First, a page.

Tennessee rates below average in combating drunken driving

Tennessee rates below average in combating drunken driving

December 2nd, 2011 by Naomi Jagoda in News


In a Mothers Against Drunk Driving national ranking, five states received a perfect score of five stars, and five states received only one star for efforts to deter drunk driving.

States with five stars

• Arizona

• Illinois

• Kansas

• Nebraska

• Utah

States with one star

• Michigan

• Montana

• Pennsylvania

• Rhode Island

• South Dakota

Source: MADD

Tennessee scored below the national average and behind neighboring Georgia and Alabama in a new report evaluating drunk-driving prevention efforts.

All three states are working to strengthen drunken driving laws, with new legislative efforts expected in 2012.

"[Drunken driving] is a tremendous problem," said Tennessee state Sen. Randy McNally, R-Oak Ridge.

In 2009, there were 303 DUI fatalities in Tennessee, 331 in Georgia and 280 in Alabama, according to data from the National Highway Traffic Safety Administration.

Yet in Mothers Against Drunk Driving ratings released last month, Tennessee got two stars, out of five possible, while Georgia and Alabama each got three.

States received one star for each of five categories where they have enacted drunken driving prevention policies or otherwise had prevention measures in place. The average rating of the 50 states and Washington, D.C., was about three stars. Five states received a perfect score of five stars, and five states received only one star.

The three states in the greater Chattanooga area all received stars for conducting sobriety checkpoints and for having enhanced penalties in DUI cases involving child endangerment.

Georgia and Alabama also got stars for using administrative license revocation - a system that allows police officers to immediately confiscate the licenses of motorists who are charged with a drunken driving-related crime.

But none of the three made the grade in the remaining two categories. One requires ignition interlocks - devices that can prevent vehicles from being driven by drunken drivers - for all offenders.

The other category relates to refusing blood-alcohol content testing. States can receive this star if their refusal rates are 10 percent or lower or they participate in no-refusal events where officers can require suspects to get their blood-alcohol content tested.


Starting Jan. 1, a new law will allow police officers in Tennessee to test the blood-alcohol content of suspects in some drunken driving-related crimes even if the suspects refuse. Officers must have probable cause and the suspects must have been involved in an accident that killed or injured another, had a previous conviction or had a passenger under age 16.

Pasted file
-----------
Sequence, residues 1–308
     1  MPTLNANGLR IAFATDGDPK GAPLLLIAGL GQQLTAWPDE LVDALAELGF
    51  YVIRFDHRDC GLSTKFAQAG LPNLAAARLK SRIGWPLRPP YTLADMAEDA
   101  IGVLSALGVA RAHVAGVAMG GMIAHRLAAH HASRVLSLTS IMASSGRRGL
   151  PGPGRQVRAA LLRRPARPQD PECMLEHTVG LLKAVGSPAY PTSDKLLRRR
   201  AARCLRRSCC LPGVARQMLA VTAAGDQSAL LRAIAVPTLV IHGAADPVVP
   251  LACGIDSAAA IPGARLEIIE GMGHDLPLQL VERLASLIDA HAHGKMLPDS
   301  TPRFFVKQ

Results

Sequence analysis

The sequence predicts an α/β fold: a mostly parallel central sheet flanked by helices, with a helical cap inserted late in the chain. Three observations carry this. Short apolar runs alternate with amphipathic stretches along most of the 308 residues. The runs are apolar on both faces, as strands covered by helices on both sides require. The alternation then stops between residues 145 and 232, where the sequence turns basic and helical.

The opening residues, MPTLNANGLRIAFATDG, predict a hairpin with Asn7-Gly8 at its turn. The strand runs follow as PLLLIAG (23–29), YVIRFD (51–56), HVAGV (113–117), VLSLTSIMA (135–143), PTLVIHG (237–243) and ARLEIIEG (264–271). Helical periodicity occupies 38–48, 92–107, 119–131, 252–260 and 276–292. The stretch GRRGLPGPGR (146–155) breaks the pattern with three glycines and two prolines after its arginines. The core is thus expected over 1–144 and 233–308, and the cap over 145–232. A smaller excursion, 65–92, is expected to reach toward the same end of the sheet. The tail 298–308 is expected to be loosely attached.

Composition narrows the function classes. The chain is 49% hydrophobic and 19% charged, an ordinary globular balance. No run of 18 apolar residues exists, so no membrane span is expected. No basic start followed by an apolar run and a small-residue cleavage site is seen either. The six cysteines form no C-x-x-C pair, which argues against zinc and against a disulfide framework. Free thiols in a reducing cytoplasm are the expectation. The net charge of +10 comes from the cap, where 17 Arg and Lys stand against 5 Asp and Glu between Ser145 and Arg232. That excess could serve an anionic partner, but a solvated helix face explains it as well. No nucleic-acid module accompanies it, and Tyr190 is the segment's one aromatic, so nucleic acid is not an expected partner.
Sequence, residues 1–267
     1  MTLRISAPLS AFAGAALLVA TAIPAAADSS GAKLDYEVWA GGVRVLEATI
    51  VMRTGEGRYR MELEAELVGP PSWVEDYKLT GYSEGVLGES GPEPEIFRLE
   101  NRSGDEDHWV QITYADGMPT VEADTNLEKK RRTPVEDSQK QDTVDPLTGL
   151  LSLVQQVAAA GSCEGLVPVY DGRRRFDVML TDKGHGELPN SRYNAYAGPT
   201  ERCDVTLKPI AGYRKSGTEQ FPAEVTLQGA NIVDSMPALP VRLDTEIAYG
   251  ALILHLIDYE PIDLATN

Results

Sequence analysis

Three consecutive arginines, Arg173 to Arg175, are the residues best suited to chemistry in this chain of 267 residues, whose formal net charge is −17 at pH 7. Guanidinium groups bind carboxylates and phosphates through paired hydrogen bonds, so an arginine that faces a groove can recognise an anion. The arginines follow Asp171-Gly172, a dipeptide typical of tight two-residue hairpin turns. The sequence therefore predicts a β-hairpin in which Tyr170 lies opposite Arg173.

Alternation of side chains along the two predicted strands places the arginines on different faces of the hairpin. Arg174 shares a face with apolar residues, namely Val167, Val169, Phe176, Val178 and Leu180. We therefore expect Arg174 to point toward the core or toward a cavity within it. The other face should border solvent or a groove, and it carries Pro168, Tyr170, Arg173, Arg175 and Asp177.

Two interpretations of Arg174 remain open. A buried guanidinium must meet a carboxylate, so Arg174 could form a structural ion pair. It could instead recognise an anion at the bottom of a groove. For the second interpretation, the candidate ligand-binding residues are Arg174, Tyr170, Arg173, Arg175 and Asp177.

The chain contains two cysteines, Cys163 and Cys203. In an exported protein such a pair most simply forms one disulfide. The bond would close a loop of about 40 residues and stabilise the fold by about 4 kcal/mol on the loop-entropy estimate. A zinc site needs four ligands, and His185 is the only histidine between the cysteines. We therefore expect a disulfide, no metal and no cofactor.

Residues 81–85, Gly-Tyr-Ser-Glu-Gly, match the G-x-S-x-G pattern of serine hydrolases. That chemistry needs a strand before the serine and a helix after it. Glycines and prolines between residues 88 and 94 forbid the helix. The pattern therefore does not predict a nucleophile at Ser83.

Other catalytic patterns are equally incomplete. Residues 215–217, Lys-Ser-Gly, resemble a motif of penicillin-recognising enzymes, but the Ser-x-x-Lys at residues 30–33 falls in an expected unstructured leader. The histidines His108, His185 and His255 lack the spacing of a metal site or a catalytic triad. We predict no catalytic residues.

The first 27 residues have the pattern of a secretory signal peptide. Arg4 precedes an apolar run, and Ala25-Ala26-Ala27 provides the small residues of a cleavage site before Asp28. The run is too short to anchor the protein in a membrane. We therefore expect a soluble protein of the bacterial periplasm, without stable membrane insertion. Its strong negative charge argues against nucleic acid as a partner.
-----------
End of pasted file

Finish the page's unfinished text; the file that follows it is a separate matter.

State legislators also are interested in requiring all first offenders with a blood-alcohol content of 0.08 or higher - rather than 0.15 or higher - to have ignition interlocks following a conviction. Tennessee already requires interlocks for repeat offenders.

Rep. Tony Shipley, R-Kingsport, said that in the coming session, he will reintroduce an amendment to expand the use of interlocks to the first offense. But he doesn't expect the amendment to pass - the existing interlock program is not paying for itself, he said, because judges aren't applying the interlock technology enough.

A bill that would create administrative license revocation in Tennessee was introduced in February but never got passed because of concerns about start-up costs. McNally, who introduced the bill, said he still plans to pursue legislation on the topic.

Sonya Manfred, program specialist at MADD's Tennessee office, thinks groups are making good efforts to reduce alcohol-related crashes.

"Tennessee is working very hard to prevent death and injury as a result of drunk driving," Manfred said. "It's a very real possibility that in the next five years, MADD Tennessee could see the state receive five stars."


Because a judge must issue a warrant to force a suspect to have a blood-alcohol test, no-refusal initiatives are handled by cities and counties rather than on a state level, said Barry Martin, MADD Georgia executive director.

Martin hopes that grass-roots efforts will create dedicated no-refusal weekends during DUI stops.

A bill introduced in the state Senate last session would have added first offenders to the interlock requirement. The bill got through the Senate's special judiciary committee but did not make it to a floor vote, Martin said.

He added that there are plans to put another bill before the legislature in the upcoming session.


Alabama, like Georgia, does not need to pass new laws to have no-refusal events. No-refusal periods just need to be coordinated among organizations, said Frank Harris, MADD national legislative affairs manager.

Earlier this year, Alabama became the last state to pass an ignition interlock law. It applies to repeat offenders and first-time convicted drunken drivers with a blood-alcohol content of 0.15 or higher, Harris said.

"That's a good start," Harris said.